War at Sea

Photo below – American supply ship at the entrance to Inverness Harbour while proceeding towards the east through the “Yankee Channel”.

It supplied the American fleet which was anchored in the north channel of the Inverness firth

Disaster at Cromarty – sinking of HMS Natal

HMS Natal was a 13,500 ton cruiser which blew up at her moorings near Cromarty on the last day of 1915. Nearly 400 people died including three local children and their parents who were at a party on board.

The following is an account of the tragedy as it appeared at the time.

“The peace of the Cromarty Firth was shattered when, on the afternoon of 30th December 1915, a huge explosion located in her aft magazines blew up and quickly sank the 14,000 ton armed cruiser HMS Natal, then lying at anchor.

On that day, the captain in command of the ship had arranged a cinema show in his quarters for children and other civilian guests. Sadly all, including the captain and his wife lost their lives, as well as more than half of the ship’s company of 850 officers, ratings and Royal Marines.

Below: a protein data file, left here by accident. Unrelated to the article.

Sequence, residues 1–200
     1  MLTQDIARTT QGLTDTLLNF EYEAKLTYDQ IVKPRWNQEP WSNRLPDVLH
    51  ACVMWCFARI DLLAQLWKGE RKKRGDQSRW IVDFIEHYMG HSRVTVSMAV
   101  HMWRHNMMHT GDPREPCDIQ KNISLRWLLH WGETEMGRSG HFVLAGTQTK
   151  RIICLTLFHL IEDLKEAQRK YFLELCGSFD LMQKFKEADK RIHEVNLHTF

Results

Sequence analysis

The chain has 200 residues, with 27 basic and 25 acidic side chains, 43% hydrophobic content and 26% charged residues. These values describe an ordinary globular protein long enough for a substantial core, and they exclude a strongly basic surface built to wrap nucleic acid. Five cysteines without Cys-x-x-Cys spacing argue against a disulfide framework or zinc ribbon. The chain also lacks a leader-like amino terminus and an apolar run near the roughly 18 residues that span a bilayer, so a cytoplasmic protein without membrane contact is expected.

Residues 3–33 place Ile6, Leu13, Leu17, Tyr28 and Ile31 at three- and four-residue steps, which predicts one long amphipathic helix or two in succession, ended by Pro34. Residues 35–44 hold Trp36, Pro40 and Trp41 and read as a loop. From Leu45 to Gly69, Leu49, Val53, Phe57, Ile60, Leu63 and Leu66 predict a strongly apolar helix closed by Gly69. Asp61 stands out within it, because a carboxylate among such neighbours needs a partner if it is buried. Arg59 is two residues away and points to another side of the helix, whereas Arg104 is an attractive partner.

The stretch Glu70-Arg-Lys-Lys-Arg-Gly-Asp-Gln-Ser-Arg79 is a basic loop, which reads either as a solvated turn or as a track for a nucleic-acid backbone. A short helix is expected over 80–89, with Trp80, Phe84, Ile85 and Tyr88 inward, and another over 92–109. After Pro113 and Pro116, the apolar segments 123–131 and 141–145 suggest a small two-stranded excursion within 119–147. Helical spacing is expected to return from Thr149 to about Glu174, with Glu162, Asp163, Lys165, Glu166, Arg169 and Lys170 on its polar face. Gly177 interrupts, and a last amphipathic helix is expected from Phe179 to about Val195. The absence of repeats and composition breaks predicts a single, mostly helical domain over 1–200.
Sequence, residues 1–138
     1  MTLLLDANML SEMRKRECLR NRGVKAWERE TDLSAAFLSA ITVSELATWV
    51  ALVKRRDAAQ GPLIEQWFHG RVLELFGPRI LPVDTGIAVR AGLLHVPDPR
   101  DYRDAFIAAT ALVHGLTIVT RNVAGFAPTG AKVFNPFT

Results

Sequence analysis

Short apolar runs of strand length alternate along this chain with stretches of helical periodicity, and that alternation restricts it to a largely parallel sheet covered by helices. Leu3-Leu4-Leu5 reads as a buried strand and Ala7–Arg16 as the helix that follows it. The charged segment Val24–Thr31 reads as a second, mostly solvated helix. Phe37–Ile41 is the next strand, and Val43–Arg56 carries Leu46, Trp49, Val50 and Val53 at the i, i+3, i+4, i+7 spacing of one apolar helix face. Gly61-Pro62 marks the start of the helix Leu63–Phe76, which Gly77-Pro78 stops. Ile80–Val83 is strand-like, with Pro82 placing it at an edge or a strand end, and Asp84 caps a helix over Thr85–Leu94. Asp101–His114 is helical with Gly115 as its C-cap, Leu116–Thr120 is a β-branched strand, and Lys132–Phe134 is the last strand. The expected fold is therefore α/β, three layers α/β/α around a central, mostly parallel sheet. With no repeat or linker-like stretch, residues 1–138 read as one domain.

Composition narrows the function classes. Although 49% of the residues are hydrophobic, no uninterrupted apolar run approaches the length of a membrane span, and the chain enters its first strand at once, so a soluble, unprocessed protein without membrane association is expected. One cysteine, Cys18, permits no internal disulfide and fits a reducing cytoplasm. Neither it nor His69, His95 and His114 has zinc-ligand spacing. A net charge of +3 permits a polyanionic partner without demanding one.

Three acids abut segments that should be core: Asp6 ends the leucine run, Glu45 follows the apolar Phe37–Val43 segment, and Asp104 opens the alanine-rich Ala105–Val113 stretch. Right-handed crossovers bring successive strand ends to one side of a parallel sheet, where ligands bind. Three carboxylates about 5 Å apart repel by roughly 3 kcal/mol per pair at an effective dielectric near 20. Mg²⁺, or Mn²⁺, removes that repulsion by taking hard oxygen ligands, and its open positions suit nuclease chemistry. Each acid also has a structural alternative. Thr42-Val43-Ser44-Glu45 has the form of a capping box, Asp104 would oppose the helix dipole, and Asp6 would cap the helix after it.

The cause of the explosion was never established but there was a strong suspicion of sabotage. Local people talked with awe for many years afterwards about the wartime disaster – there had never been so many lives lost in the Cromarty Firth.”

On that fateful day the son of the captain of the Natal was suffering from a sore throat and did not go on board. Left an orphan, he survived to return on 13th June 1992 to unveil a plaque in memory of the civilian victims and this is located outside the new RNLI complex at Invergordon, overlooking the firth, where until recently a wreck buoy marked the grave of the ship. A vellum scroll is also kept inside the building showing the names of the civilian casualties.

Sea Planes at Cromarty

Ships in the Moray Firth

Sailors embarking at Fortrose
Ships at Fortrose